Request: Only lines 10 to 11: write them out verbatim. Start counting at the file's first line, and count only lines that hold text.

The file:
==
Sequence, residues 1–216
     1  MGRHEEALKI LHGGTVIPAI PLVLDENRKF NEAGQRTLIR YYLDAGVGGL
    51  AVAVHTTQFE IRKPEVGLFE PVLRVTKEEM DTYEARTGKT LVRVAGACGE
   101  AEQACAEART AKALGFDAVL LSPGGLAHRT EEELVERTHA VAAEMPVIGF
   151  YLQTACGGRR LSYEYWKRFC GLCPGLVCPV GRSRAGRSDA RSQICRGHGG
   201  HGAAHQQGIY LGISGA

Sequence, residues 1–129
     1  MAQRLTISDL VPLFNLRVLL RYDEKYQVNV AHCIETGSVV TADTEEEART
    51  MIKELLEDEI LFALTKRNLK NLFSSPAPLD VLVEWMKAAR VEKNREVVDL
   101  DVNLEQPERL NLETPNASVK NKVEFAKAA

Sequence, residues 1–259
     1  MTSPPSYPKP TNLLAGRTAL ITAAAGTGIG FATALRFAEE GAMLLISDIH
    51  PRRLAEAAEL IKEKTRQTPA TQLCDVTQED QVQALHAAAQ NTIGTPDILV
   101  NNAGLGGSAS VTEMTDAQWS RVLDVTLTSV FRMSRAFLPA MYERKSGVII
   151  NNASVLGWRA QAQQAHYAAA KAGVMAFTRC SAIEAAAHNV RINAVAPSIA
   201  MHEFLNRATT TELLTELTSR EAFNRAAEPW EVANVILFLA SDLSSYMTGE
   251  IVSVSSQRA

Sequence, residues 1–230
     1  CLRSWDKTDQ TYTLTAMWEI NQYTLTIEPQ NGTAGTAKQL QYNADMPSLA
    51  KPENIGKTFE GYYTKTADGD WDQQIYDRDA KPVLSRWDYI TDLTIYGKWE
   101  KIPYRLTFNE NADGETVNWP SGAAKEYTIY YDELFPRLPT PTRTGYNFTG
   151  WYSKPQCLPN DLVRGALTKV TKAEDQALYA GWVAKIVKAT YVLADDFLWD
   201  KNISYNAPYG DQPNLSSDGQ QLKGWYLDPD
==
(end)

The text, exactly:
   101  DVNLEQPERL NLETPNASVK NKVEFAKAA

Sequence, residues 1–259